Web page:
The natural glamour of the Balearic Islands
From the gorgeous clear waters that gently lap the white sands of the Mediterranean coastline to the mountain ranges that are found when you make inroads, The Balearic Islands is a region of true beauty.
Of course, many single out its lively club scene as its focal point, but the isles have much more to see. So if you're planning on stopping by during your gap year, here are some sights that you should definitely explore.
Playa de Ses Illetes, Formentera
You'll be hard pushed to find a beach in this lavish island chain that hasn't been invaded by hoards of revellers, which is great if you're the mood to party. However, if you want to truly get away from it all, Formentera's Illetes is a paradise. Many compare the beach to that of a Caribbean island with its teal coloured waters and white sand. Regularly doing well in many a top beach list, this is one part of the Balearic coastline that isn't to be missed.
The Formenteran shore
Serra de Tramuntana, Mallorca
A world heritage site for a reason, the stupendous Serra de Tramuntana mountain range runs alongside the entirety of Mallorca's western coastline. Hiking through the land, it's impossible to not be astonished by the varied and vibrant plant and wildlife that punctuates the landscape.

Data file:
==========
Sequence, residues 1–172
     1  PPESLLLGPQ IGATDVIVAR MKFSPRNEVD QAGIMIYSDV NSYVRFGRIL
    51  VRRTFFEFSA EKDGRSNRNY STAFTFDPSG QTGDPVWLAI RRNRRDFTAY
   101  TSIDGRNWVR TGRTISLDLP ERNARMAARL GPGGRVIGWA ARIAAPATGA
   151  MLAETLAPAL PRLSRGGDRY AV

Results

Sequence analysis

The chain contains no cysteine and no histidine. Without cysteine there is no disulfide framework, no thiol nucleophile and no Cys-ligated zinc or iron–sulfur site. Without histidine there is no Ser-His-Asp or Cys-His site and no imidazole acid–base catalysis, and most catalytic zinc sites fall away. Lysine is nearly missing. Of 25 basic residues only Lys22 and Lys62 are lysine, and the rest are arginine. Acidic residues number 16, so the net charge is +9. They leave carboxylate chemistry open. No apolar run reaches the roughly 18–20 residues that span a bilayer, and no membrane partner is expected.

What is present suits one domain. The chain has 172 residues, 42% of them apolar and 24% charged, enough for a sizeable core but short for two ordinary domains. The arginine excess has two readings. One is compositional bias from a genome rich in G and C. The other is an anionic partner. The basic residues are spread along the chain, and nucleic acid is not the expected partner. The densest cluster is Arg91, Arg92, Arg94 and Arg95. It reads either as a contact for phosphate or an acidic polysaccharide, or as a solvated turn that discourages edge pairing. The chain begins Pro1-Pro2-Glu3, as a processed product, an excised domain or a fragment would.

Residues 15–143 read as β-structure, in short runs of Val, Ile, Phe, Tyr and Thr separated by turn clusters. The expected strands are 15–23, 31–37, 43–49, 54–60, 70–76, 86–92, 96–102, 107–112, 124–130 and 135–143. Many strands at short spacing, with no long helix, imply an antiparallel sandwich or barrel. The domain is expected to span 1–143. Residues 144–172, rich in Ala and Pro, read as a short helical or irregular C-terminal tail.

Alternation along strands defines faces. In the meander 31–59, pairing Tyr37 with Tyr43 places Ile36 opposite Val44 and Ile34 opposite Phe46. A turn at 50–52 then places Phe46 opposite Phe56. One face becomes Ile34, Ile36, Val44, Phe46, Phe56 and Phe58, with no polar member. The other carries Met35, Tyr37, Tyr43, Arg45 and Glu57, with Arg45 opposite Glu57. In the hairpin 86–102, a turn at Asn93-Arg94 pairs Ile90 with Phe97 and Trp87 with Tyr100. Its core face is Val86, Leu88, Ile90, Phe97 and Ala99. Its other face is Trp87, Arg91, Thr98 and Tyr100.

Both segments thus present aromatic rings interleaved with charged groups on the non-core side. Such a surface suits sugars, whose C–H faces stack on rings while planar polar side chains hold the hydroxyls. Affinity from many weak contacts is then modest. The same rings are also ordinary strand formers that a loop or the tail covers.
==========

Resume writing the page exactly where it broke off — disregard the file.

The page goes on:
Puig Major is the tallest mountain of the area, standing at 1,445 metres and offers a wonderful view of the island. If you're in the mood for a rocky scenic excursion, this is it.
The vibrant colours of the Serra de Tramuntana
Sa Dragonera, Mallorca
Located in the Serra area, is Dragonera. So named because of the various endemic lizards that inhabit the area. These reptiles in their abundance have helped it become officially helped it become a national park.
Whilst a surreal experience watching lizard upon lizard crawl over every inch of land in view, there is also much more to see than just these scaly creatures. There are also amazing underwater caves that are waiting to be explored. Full of sea life and sea flora, you will bear witness to untouched swathes of nature, as it's supposed to be.
The caves of Dragonera are teeming with life
Cabrera Archipelago Maritime-Terrestrial National Park, Cabrera
A mouthful to say, but this national park that is found on The Balearic Islands' smaller, lesser known island, Cabrera, is worth the short trip from nearby Mallorca.
If hiking is your game, you're in luck, as this national park has many trails to investigate with a park attendant on call to help you on your way and not get lost. The neighbouring shoreline is also a treasure trove of sea beasts and if lucky, it is possible to spot dolphins and turtles swimming about near the beach. But be sure to not to go swimming as waters are protected areas.